The Hidden Restraint – Part 4

hidden-restraint-4This post by Dr. Al Power was published on ChangingAging.org.

All-or-none thinking” and “surplus safety” make it difficult for organizations to visualize a pathway to unlocking doors.

At last, here is the final installment of this marathon blog post. First, a brief recap, for those who just came in the door:

Part 1 advanced the idea that a locked door meets the definition of a physical restraint, and showed how the things that we do to keep people physically safe may actually erode their sense of emotional security. Part 2 affirmed that walking—indoors and outdoors—is both a normal activity and a fundamental human right. It also outlined in detail many of the structural, operational, and relational factors in the living environment that might cause distress or an increased desire to leave, independent of any brain disorder.

Part 3 provided some insights into how we can start to unlock living areas and enable more freedom of movement, with some illustrative stories from various communities that have ventured down this path. And now, as promised, we will conclude by addressing concerns around safety and risk; and I will share a story that beautifully illustrates many of the concepts involved.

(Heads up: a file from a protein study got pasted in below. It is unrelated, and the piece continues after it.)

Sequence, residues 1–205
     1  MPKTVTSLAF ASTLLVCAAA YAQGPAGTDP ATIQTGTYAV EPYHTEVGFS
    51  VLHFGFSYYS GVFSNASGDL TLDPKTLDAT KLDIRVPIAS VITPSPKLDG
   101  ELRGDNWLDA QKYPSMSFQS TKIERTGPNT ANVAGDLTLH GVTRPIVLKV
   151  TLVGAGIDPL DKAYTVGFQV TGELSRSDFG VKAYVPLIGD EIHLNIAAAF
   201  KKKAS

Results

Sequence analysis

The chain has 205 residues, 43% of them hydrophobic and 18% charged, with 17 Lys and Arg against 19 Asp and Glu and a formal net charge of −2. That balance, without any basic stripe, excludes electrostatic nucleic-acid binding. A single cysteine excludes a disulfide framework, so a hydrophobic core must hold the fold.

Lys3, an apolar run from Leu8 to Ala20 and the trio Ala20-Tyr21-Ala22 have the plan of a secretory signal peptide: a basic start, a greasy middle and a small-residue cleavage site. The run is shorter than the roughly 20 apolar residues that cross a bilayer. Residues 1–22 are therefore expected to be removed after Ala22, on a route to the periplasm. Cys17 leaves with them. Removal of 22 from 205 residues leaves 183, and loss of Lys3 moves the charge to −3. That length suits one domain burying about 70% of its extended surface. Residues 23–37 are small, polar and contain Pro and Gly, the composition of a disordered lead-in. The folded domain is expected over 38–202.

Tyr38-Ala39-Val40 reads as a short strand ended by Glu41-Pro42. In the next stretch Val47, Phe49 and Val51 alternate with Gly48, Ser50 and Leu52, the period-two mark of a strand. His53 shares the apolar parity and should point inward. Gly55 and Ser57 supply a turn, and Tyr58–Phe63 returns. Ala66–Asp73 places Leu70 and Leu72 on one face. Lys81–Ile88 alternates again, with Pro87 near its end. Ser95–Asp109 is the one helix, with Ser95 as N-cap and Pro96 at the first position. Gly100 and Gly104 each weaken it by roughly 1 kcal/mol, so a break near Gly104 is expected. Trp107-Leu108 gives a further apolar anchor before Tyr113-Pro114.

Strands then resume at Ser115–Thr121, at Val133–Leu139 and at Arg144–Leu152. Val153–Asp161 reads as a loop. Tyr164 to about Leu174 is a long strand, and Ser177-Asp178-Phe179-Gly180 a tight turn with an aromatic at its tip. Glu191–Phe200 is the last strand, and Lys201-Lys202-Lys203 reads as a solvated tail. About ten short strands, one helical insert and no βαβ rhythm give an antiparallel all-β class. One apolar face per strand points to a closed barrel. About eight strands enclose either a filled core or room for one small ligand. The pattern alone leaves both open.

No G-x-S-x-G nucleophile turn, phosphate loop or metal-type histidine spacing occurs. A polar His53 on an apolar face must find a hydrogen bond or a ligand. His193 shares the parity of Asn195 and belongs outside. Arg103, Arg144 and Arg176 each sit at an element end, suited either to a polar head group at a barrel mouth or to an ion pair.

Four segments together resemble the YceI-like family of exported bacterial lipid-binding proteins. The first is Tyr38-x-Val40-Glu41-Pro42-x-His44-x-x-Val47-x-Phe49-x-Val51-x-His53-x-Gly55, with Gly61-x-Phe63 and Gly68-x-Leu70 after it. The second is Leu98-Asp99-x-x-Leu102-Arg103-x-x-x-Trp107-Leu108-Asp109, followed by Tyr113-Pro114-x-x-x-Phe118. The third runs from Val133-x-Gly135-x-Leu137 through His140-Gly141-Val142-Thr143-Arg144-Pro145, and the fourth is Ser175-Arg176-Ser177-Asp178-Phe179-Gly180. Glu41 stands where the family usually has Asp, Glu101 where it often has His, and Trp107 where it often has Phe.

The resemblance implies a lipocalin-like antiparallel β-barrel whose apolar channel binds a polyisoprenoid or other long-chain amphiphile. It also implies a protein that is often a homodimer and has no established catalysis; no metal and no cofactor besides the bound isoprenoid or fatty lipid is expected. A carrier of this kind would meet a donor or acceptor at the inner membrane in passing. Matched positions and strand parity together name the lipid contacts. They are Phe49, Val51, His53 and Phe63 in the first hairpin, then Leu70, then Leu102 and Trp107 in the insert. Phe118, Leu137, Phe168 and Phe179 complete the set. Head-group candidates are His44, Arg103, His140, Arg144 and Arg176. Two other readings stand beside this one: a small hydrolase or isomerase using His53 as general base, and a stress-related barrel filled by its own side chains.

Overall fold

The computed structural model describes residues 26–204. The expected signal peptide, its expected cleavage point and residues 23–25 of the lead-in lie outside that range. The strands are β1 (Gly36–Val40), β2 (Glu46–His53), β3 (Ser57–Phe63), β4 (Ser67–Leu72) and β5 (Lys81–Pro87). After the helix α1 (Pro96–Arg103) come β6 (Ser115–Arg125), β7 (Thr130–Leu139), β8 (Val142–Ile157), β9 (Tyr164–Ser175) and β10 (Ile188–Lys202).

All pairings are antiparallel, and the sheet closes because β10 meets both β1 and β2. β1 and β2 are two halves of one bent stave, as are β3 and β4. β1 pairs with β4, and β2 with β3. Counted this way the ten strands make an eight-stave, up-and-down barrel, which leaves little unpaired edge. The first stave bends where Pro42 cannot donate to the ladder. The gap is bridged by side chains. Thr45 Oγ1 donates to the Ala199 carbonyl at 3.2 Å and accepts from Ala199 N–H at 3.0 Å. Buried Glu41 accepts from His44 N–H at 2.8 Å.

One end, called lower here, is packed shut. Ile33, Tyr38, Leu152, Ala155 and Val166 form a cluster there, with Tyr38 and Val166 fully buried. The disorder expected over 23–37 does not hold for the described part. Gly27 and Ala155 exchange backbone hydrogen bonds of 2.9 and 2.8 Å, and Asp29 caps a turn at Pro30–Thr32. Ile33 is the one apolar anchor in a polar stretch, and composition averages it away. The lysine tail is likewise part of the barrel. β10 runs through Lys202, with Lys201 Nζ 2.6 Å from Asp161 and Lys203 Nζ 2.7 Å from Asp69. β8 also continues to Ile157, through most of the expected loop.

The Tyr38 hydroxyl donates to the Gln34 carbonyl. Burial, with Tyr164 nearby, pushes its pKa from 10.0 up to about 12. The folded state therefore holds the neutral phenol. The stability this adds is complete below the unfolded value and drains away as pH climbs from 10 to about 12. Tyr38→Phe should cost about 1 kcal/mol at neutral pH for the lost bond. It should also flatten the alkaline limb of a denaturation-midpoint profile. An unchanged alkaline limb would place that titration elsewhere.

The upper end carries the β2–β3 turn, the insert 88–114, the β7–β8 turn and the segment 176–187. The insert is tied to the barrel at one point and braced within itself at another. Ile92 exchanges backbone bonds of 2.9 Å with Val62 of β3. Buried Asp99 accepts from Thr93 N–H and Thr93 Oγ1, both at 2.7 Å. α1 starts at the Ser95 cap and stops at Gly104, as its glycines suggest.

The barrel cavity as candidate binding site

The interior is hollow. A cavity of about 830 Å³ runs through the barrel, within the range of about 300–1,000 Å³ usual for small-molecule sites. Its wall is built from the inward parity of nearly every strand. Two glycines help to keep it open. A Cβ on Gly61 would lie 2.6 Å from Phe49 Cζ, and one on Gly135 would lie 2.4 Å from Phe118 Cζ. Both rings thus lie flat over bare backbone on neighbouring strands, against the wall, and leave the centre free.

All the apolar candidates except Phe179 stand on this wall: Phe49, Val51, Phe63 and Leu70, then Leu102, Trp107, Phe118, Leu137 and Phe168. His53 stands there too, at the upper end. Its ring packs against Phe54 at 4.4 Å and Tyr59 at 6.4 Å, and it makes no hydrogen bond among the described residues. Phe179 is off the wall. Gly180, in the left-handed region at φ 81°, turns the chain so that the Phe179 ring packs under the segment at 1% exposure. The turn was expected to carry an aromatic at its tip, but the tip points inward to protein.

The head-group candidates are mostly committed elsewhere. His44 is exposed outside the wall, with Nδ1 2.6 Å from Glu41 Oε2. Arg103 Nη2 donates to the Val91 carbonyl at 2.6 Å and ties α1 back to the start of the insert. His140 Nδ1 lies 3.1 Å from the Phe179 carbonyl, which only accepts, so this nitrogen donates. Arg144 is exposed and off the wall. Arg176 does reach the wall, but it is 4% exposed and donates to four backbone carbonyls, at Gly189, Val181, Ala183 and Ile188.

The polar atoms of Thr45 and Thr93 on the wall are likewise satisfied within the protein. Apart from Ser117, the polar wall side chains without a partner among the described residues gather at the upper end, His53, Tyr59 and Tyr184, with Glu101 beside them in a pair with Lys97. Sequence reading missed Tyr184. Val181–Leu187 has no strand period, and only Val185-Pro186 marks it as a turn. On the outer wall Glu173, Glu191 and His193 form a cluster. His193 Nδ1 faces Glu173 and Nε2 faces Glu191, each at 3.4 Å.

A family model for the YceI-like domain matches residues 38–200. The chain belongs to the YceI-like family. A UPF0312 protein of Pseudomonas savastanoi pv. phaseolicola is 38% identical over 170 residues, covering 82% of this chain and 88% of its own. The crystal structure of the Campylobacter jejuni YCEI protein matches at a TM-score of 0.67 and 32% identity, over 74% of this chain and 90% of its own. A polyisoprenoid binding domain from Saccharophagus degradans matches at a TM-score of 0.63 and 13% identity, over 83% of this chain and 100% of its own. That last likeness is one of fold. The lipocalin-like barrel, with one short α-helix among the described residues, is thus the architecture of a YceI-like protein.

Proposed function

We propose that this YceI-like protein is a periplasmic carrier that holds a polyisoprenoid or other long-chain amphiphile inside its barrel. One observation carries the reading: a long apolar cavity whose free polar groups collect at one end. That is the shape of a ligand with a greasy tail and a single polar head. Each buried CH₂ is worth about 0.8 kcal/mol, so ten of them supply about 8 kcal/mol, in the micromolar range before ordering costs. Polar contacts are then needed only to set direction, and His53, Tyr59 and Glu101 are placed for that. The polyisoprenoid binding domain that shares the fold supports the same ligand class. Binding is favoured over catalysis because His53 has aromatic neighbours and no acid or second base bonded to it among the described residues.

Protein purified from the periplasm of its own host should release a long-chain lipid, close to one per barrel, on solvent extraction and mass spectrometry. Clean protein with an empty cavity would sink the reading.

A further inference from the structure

For this discussion, I will summarize many of the points I presented in the “Security” and “Autonomy” chapters of my second book, Dementia Beyond Disease (which will be released in a mildly revised edition in a few weeks, shortly after the second edition of Dementia Beyond Drugs comes out.

There are two common operational practices that make it difficult for organizations to visualize a pathway to unlocking doors (and many other activities as well): all-or-none thinking and surplus safety. Let’s look at each of these:

All-or-none thinking

All-or-none thinking is the tendency to see empowerment around dementia in very black-or-white terms, both individually (either he can do that, or he can’t) or as a group of people (either they can all do that, or no one can). This view is compounded by institutional processes that make it difficult to accommodate individual abilities, needs, and preferences.  The result of their inflexibility is that organizations default to policies that restrict everyone in order to prevent the rare bad outcome…

Read the entire blog at ChangingAging.org.

1 Comment. Leave new

One of the worse nursing homes at which I worked had an outdoor area accessible for residents except in inclement weather. What a relief for people trapped upon occupancy.

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